The new Les Halles will include 6,300 square meters of retails shops, a 2,600 square meter Music conservatory, a 1,050 square meter library, workshops and a large Hip-Hop Center.
In the 125 year of the Eiffel Tower, over 250 million people have made the visit. Although many think the Eiffel Tower is one of the most visited sites in the world, they are way off. The Notre Dame Cathedral gets almost twice as many. The Louvre gets 25% more people and the Sacre Coeur Basilica of Paris gets 50% more people each year. I find it sad to report that the #1 tourist attraction in the world is the Las Vegas Strip.
During the day, the Eiffel Tower still looks somewhat like the ‘giant smokestack and barbaric hulk’ described by ‘Committee of Three Hundred’ back in 1889. The color is different these days. It’s more of coffee cream beige.
At night, it looks more like the Las Vegas Strip, washed in sodium vapor gold lighting with red, blue and white blinking lights at the top and an annoying tracking beam that searches the city like some kind of prison searchlight or alien invasion. ‘Klaatu Barada Nikto’.
In 1789, the French Revolutionists stormed the Invalides, took the arms kept in the basement and used them to storm the Bastille. For some historians the storming of L’Hotel des Invalides was the start of the French Revolution.
L’Hotel des Invalides was originally built by King Louis XIV as a hospital and home for soldiers of the wars. It still fulfills that purpose although it is also the Military Museum of Paris.
The Dome of the L’Hotel Invalides has been the inspiration for such great buildings as the US Capitol Building in Washington DC and the San Francisco City hall.
The main attraction of L’Hotel des Invalides is the tomb of Napoleon Bonaparte. He was interred here in 1840, his massive red quartzite tomb sits firmly on a green granite base.
After Napoleon died on the island of St Helena in 1821, his body was placed into three coffins. The first one of tin was soldered shut. The second one of wood was screwed shut and the third one of lead was soldered shut. The three coffins were then placed inside a mahogany coffin and buried under two layers of cement and 2 meters of stones and clay topped with large stone slabs.
On October 15, 1840, 19 years later, the grave was broken open and the coffins were unsealed to make sure Napoleon was still inside. He was. The three coffins were resealed and then placed inside a 4th lead casket and soldered shut. The now 4 casket coffin of Napoleon was placed inside the stone sarcophagus in the ‘Invalides’. Why all the trouble? Those involved wanted to be absolutely certain that Napoleon would never break out again, even in death.
Over the years there have been many conspiracy theories. The main one being that the body in the coffin is really Napoleon’s butler, Cipriani and that Napoleon escaped St Helena and made it to either America or Australia. The mystery is still going on and as late as the 1990’s new clues to the switch of bodies were discovered. Yes, Napoleon lives on.
The 7th arrondissement is actually one of the most relaxing (and wealthiest) neighborhoods in Paris. Aside from the Hotel Invalides and the Eiffel Tower, it contains the Musée D’Orsay, the Musée Rodin and the Musée du quai Branly, the indigenous art of Africa, Asia and the Americas that opened in 2006. It also is the home of the Bon Marché Department Store, which has the best food emporium in all of Paris.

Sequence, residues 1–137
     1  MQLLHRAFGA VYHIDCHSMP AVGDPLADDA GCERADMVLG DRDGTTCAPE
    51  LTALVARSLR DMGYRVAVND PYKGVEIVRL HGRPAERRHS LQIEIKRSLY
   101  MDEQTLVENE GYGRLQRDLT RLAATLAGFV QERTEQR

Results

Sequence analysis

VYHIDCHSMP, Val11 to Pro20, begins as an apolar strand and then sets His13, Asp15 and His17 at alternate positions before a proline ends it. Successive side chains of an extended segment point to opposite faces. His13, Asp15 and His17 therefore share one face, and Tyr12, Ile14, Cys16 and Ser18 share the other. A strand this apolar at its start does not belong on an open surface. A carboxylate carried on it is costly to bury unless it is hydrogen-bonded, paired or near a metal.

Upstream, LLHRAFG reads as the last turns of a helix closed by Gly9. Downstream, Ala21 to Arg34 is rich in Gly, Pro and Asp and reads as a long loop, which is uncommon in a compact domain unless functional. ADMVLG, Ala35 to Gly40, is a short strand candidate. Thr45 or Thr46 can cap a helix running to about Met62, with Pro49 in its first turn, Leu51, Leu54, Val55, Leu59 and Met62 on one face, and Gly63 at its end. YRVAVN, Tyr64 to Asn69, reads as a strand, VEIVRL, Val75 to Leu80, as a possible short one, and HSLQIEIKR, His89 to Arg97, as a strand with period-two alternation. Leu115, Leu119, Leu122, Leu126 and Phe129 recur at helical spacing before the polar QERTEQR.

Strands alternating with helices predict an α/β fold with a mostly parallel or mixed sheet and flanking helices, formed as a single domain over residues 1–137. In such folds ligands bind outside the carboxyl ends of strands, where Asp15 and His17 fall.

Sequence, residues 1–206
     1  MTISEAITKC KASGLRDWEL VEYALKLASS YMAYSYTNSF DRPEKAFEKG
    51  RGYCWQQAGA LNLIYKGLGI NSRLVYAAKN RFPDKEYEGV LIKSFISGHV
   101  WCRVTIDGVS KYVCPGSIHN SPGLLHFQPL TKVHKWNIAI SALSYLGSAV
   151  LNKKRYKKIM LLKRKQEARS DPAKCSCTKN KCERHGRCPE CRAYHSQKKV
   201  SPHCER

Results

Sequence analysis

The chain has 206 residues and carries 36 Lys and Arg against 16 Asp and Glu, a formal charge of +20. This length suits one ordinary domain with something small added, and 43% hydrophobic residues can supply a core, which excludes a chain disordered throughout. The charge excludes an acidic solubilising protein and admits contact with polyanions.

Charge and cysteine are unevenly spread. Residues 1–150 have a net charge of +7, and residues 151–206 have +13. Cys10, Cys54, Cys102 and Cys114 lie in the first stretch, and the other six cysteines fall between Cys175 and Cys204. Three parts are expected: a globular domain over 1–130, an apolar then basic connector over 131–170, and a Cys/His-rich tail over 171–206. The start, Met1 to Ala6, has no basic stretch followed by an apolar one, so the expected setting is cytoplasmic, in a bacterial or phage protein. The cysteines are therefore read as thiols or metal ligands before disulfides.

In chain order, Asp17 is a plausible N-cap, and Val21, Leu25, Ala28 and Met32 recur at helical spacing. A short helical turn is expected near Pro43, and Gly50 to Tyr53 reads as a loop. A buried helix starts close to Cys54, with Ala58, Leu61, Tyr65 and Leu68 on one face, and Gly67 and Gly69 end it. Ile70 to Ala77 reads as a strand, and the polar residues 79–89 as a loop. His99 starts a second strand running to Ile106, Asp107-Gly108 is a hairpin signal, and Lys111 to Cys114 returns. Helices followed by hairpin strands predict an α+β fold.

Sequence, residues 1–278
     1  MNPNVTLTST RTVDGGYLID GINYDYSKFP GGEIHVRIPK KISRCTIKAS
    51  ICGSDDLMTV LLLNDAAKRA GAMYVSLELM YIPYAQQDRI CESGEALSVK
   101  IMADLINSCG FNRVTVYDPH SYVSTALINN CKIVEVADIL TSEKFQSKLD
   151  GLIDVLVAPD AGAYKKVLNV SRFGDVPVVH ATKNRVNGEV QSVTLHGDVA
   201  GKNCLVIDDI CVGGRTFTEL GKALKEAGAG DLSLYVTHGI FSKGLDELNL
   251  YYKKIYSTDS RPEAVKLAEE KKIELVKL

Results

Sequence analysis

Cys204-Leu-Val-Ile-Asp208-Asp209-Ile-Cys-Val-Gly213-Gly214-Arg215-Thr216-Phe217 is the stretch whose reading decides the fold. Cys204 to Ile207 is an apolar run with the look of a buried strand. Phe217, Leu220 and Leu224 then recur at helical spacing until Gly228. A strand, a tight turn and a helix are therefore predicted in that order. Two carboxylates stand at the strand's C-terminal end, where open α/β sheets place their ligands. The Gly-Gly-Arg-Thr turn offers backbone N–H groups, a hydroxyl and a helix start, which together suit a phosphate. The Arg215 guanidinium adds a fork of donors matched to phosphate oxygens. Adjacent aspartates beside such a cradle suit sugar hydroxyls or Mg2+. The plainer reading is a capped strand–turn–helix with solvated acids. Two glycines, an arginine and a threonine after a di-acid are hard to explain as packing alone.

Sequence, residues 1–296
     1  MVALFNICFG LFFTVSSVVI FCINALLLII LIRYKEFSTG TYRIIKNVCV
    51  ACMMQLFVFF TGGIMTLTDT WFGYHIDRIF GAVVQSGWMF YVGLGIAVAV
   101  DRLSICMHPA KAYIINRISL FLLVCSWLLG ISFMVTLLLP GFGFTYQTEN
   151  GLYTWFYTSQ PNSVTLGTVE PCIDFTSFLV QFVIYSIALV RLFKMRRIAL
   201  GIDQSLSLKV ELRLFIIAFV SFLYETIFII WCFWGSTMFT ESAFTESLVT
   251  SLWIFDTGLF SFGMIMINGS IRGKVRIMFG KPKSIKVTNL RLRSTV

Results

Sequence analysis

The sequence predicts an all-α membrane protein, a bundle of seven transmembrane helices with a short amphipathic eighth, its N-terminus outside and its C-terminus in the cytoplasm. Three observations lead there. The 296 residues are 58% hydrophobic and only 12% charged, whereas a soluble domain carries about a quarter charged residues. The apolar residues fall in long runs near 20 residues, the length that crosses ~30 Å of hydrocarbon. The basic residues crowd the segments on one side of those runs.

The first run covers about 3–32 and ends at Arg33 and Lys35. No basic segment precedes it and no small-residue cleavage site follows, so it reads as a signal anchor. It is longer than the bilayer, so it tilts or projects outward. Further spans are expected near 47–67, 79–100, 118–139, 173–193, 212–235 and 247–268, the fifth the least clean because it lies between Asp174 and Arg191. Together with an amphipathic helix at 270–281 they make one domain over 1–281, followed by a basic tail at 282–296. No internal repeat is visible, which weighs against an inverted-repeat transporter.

The foodie street of the 7th is Rue Cler. It’s a nice street with a good market but not any better than the food shops along Rue Montergueil in the 2nd (where Queen Elizabeth II shops) or the ancient Rue Mouffetard in the 5th or the ‘tres chic’ Rue de Buci in the 6th.
What made Rue Cler famous is Julia Child who came to Paris in 1949. She was a former spy for the OSS (the precursor of the CIA). Her husband Paul was a US Diplomat. They lived in the 7th arrondissement near Rue Cler and this is where (according to legend) Julia learned about French food and French cooking.
In 1900, Paris mounted another ‘Exposition Universelle’. Over 51 million people came to see it.
The new railway stations Gare de Lyon, Gare d’Orsay and Gare des Invalides were built to get the tourists in. The first metro line of the ‘Métropolitain’ was constructed to get the Parisians to the Fair.
The Eiffel Tower was still a prominent piece of the fairground but a lot had happened in the 12 years between the 1889 fair and the 1900 Exposition.
The architectural and fashionable ‘Beaux-Arts’ and “Art Nouveau’ took Paris by storm and new buildings like the Grand Palais and the Petit Palais incorporated the new styles.
The Grand Palais still has the honor of the largest glass roof in Europe. It was built with more steel than the Eiffel Tower.
These days it stages over 40 events a year and with it’s own Police station in the basement, the events and the building are very secure.
The Petit Palais was built more as an Art Museum, which it still is, and a very good one.
The 1900 World’s Fair featured the first talking movie and a 2 mile long (three lane) sidewalk. Each lane had a different speed.
The 1900 Exposition also staged the largest dinner ever served for then French President Emile Francois Loubet along with 22.965 mayors from all over France.
The gold gilded Pont Alexander III over the River Seine connected the Fair that ran from the Champ du Mars in the 7th to the Place de la Concord in the 8th.
Tsar Alexander III’s Russia and France formed an alliance to keep Germany from getting too powerful.
The alliance apparently wasn’t strong enough to hold off the alliance of Germany and Austro-Hungary, but the bridge still has the dubious honor of being the most ornate of the all the bridges crossing the Seine.
In honor of the alliance, Russia also constructed a bridge across the Neva River in Saint Petersburg. It was designed by Gustave Eiffel. It more or less looks like the Eiffel Tower laid on its side. It’s known as the Trinity Bridge.